• 37. New File System - Limitations• Limited by memory to memory copy operations required to move data from disk buffers in the system’s address space to data buffers in the user’s address space o Buffer alignment of both address space• One block is allocated to a file at a time o Pre-allocate several blocks at once and releasing unused ones on file closing 37
  • 38. Functional Enhancements• Long File Name• File Locking• Symbolic Links• Rename• Quotas 38
  • 39. Long File Name• Maximum length of file name is 255 characters• Directories are allocated 512 byte units called chunks• Chunks are broken into Directory Entries: o Contains information necessary to map the name of file with inode o First three fields are fixed length – inode number, size of entry and length of file name 39
  • 40. File Locking• Hard Lock – always enforced when a program tries to access a file• Advisory shared or exclusive locks – requested by the programs• System administrator privilege can override locks• No deadlock detection is attempted 40
  • 41. Symbolic Links• A symbolic link is implemented as a file that contains a pathname• Pathname can be relative or absolute• On encountering a symbolic link while interpreting a component of a pathname, the contents of the symbolic link is prepended to the rest of the pathname 41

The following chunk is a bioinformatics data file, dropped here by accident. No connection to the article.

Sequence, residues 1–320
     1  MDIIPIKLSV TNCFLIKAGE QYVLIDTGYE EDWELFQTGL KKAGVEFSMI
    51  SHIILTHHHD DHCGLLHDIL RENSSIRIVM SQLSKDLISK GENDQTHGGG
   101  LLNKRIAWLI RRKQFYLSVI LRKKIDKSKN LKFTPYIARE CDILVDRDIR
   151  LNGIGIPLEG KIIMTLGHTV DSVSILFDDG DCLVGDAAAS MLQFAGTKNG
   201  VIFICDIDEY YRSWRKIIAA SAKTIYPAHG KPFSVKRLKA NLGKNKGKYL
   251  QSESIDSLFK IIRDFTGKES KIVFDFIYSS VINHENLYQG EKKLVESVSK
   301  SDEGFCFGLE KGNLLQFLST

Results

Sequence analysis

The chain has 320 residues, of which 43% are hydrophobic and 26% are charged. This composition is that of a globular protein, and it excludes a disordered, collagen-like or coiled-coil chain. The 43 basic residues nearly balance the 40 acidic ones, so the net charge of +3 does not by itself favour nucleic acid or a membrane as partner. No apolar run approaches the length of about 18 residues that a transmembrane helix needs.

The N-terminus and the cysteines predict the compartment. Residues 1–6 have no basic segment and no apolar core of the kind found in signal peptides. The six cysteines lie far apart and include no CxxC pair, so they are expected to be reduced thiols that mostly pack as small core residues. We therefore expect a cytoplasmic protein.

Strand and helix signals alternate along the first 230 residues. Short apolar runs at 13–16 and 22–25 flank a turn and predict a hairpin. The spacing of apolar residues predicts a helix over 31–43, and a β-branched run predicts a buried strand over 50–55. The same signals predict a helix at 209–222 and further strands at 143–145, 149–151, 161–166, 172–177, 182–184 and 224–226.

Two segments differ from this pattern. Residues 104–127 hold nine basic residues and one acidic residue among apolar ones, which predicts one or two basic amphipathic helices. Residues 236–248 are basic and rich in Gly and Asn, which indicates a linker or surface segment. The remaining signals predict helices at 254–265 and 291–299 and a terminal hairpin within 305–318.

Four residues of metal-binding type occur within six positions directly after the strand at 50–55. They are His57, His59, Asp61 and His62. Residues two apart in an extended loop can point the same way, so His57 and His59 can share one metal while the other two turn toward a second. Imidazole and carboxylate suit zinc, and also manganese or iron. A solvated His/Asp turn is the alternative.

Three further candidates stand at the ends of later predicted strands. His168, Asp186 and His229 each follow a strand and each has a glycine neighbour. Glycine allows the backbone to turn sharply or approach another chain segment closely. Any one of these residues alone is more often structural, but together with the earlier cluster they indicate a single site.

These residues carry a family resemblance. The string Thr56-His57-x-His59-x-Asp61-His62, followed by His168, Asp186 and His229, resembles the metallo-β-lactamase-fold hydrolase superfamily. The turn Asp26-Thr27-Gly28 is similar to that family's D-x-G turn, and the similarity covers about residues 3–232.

• 42. Rename• Old file system required three system calls for renaming• Target file could be left with temporary name due to crash• New rename system call added that guarantees the existence of the target name• Renaming works both on directory and files 42
  • 43. Quotas• Old file system – any single user can allocate all the available space in the file system• Quota restricts the amount of file system resources that a user can obtain• Sets limits to both inodes and number of disk blocks• Hard and soft limits 43
  • 44. Key Take-Away points• Substantially higher throughput rates – large block size• Flexible allocation policies o Better locality of reference o Less wastage• Adapted to wide range of peripheral and processor characteristics 44
  • 45. References• Presentation on “A Fast File System” by: o Zhifei Wang : o o Sean Mondesire and Subramanian Kasi : o•• 45